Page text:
Remark 2 This theorem is a generalization of RiemannLebesque’s lemma ([23], p.13).
3 The operator {R}_{\lambda}
Let α be a strongly continuous isometric linear representation of T on a Banach space H.
Definition 5 ([7], p.45)
A point x\in H is called a differentiable point of α if there exists
Denote the set of all differentiable points of α by H(D). The set Spec(H) is called the spectrum of D. The set C\setminus Spec(H) is called the resolvent set of D.
Proposition 2 Let α be a strongly continuous isometric linear representation of T on a Banach space H. Then

(i)
H(D)
is a linear subspace of H, {H}_{f}\subset H(D) and \overline{H(D)}=H;

(ii)
H(D)
is \alpha (T)invariant and \alpha (t)Dx=D\alpha (t)x for all t\in T, x\in H(D);

(iii)
D{F}_{n}(x)={F}_{n}(Dx)=in{F}_{n}(x)
for all n\in Z and x\in H(D).
Proof (i) It is obvious that H(D) is a linear subspace of H. Let x\in {H}_{f}. Then x can be expressed in the form {\sum}_{\ell =m}^{m}{F}_{\ell}(x) for some m. Since {F}_{\ell}(x)\in {H}_{\ell}, we get
Hence x\in H(D) and Dx={\sum}_{\ell =m}^{m}i\ell {F}_{\ell}(x). Therefore {H}_{f}\subset H(D). By Theorem 1 \overline{{H}_{f}}=\overline{H(D)}=H.

(ii)
Let x\in H(D). Since \alpha (t) is strongly continuous, we have
\alpha (t)Dx=\alpha (t)\underset{s\to 0}{lim}\frac{\alpha (s)xx}{s}=\underset{s\to 0}{lim}\frac{\alpha (s)\alpha (t)x\alpha (t)x}{s}=D\alpha (t)x.
Hence \alpha (t)x\in H(D) and \alpha (t)Dx=D\alpha (t)x.

(iii)
Let n\in Z and x\in H(D). Using the continuity of {F}_{n} and Proposition 1, we get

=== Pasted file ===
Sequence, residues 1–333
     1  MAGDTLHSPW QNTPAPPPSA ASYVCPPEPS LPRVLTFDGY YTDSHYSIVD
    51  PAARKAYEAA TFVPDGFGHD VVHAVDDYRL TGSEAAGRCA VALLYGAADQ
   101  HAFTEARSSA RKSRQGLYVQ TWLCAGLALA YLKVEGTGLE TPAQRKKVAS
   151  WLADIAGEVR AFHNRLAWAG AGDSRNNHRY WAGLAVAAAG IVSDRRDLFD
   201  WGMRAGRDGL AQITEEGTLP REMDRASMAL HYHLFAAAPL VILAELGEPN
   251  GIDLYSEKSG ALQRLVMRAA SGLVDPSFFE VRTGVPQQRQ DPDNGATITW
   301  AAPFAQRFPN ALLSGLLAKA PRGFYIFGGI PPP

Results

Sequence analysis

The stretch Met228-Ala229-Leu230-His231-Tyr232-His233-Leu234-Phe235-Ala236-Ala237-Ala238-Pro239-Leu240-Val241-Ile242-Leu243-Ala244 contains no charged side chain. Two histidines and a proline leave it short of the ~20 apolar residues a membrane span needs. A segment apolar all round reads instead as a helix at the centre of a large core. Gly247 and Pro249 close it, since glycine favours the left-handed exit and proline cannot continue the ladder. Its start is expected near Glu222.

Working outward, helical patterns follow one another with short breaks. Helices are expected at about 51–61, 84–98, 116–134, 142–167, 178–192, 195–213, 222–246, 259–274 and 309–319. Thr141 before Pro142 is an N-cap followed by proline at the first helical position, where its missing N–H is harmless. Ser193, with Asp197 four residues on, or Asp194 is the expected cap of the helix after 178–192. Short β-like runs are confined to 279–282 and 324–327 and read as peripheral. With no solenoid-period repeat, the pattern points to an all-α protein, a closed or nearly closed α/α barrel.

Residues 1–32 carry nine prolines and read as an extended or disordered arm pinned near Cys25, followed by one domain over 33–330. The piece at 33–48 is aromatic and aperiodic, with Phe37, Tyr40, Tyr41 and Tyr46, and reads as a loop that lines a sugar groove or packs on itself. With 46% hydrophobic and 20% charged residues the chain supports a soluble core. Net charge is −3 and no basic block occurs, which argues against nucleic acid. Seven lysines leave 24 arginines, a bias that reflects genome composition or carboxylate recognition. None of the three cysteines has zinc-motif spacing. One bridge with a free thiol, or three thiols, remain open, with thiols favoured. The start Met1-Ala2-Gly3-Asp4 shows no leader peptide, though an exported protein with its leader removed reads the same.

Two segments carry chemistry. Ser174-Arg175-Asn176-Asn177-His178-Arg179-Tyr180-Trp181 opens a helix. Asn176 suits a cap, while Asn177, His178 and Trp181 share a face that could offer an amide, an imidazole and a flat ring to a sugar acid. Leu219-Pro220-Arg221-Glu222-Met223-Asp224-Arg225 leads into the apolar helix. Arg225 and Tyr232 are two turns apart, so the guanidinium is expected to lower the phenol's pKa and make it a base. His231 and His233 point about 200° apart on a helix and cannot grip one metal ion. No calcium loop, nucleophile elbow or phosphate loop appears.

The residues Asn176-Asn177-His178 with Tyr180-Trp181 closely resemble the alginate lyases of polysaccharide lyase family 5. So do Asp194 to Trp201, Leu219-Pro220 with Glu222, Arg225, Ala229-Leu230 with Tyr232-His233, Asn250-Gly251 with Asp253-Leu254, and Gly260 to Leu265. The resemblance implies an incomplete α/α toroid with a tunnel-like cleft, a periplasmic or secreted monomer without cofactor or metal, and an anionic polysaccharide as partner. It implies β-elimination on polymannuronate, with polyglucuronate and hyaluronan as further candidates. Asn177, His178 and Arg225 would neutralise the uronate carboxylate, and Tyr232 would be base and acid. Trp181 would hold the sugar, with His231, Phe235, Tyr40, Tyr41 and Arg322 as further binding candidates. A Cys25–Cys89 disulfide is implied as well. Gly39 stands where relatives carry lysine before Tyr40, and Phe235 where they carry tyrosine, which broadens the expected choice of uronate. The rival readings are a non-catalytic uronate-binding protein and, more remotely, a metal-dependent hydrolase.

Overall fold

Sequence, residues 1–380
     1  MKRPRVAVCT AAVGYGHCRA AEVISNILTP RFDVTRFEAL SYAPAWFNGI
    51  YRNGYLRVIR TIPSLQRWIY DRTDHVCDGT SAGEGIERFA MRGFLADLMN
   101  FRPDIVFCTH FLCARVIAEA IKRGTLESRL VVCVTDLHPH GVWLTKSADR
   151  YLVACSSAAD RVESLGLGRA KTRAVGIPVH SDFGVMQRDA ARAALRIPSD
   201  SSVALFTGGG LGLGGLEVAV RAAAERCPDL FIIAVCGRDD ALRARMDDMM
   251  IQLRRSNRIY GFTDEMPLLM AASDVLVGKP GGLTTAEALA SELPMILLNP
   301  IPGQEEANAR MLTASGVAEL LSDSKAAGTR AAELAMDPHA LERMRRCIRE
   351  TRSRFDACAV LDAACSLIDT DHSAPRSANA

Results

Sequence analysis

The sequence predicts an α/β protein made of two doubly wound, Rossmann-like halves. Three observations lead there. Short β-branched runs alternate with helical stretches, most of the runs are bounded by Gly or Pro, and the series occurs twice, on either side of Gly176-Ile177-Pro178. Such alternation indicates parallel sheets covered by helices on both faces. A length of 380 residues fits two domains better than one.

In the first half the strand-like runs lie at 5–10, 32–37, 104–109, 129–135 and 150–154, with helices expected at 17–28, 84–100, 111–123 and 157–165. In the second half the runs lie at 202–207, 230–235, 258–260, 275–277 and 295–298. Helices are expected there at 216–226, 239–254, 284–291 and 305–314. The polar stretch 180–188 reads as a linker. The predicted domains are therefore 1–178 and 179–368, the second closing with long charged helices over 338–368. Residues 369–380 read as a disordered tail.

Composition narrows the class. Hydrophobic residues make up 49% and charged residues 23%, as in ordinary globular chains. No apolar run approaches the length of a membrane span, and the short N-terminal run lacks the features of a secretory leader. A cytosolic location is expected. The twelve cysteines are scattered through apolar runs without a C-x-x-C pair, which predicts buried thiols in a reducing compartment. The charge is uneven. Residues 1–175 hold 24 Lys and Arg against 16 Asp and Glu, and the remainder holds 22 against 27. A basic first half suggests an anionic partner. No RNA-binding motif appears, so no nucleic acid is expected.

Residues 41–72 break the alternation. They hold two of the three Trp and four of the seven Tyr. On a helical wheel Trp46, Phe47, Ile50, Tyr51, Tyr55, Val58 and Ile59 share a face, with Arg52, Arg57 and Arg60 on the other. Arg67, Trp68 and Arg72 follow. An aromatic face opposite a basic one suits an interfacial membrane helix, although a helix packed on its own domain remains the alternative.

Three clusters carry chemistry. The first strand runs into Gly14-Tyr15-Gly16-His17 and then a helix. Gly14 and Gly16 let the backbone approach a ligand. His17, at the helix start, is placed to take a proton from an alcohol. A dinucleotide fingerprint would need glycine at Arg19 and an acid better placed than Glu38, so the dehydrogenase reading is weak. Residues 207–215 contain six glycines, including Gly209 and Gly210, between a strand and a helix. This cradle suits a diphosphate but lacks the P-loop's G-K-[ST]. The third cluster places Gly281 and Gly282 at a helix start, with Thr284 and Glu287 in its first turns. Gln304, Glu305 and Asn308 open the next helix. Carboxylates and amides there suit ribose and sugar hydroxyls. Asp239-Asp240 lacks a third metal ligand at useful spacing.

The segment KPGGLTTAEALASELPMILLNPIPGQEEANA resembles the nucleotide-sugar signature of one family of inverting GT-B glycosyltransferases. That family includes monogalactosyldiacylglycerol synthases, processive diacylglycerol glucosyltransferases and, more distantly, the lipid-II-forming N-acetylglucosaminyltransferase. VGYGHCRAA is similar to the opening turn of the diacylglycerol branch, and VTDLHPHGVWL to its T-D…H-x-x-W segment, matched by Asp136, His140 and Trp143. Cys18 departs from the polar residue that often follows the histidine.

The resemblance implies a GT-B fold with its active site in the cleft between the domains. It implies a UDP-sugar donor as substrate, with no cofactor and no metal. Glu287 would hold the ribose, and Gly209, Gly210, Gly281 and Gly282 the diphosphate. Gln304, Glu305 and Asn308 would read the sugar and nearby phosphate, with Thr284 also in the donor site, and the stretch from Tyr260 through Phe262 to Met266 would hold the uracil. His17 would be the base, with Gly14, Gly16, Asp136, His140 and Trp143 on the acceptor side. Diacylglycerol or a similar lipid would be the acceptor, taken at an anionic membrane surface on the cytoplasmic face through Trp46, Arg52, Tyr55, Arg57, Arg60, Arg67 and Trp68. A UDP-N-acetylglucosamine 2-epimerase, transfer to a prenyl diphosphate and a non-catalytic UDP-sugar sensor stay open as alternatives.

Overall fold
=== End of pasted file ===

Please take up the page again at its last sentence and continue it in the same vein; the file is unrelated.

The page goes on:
D{F}_{n}(x)={F}_{n}(Dx)=\underset{t\to 0}{lim}\frac{{e}^{int}{F}_{n}(x){F}_{n}(x)}{t}=in{F}_{n}(x).
□
Remark 3 It is easily seen that H=H(D) if and only if Spec(H) is finite.
Definition 6 The operator D is called an infinitesimal generator of a linear representation α (see [7], p.45).
Proposition 3 Let x\in H(D). Then the function {G}_{x}(t):=\alpha (t)x is differentiable on T and {G}_{x}^{\prime}(t)=\alpha (t){G}_{x}^{\prime}(0)=\alpha (t)Dx.
Proof Since α is strongly continuous, we have
□
Let α be a strongly continuous isometric linear representation of T on a Banach space H. For any x\in H and \lambda \in C, there exists the following vectorvalued Riemann’s integral:
We consider linear operators {R}_{\lambda} on H defined by
for all \lambda \in C such that \lambda \ne im, m\in Z and
for all m\in Z. In Theorem 4(iv) below, we prove that {R}_{\lambda} is equal to the resolvent operator of D for every point λ of the resolvent set of D. The operator {R}_{im}(x) is called the quasiresolvent operator of D for the point im of the spectrum of D. The operator {R}_{\lambda} was introduced in [9, 13].
Theorem 3 Let α be a strongly continuous isometric linear representation of T on a Banach space H. Then

(i)
the operator {R}_{\lambda}, defined by (1) and (2), is bounded for all \lambda \in C;